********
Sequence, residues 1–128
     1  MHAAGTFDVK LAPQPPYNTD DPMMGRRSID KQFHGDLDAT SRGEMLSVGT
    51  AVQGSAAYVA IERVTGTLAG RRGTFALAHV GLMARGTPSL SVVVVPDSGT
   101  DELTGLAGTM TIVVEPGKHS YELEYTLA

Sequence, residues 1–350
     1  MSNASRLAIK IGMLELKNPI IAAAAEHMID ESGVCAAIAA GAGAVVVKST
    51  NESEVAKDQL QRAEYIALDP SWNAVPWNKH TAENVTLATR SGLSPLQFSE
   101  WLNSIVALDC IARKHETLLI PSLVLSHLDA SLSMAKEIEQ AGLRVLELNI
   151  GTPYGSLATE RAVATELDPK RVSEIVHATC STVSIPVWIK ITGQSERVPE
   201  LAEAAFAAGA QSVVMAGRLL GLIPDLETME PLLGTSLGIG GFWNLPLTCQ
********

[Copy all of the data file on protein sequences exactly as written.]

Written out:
Sequence, residues 1–128
     1  MHAAGTFDVK LAPQPPYNTD DPMMGRRSID KQFHGDLDAT SRGEMLSVGT
    51  AVQGSAAYVA IERVTGTLAG RRGTFALAHV GLMARGTPSL SVVVVPDSGT
   101  DELTGLAGTM TIVVEPGKHS YELEYTLA

Sequence, residues 1–350
     1  MSNASRLAIK IGMLELKNPI IAAAAEHMID ESGVCAAIAA GAGAVVVKST
    51  NESEVAKDQL QRAEYIALDP SWNAVPWNKH TAENVTLATR SGLSPLQFSE
   101  WLNSIVALDC IARKHETLLI PSLVLSHLDA SLSMAKEIEQ AGLRVLELNI
   151  GTPYGSLATE RAVATELDPK RVSEIVHATC STVSIPVWIK ITGQSERVPE
   201  LAEAAFAAGA QSVVMAGRLL GLIPDLETME PLLGTSLGIG GFWNLPLTCQ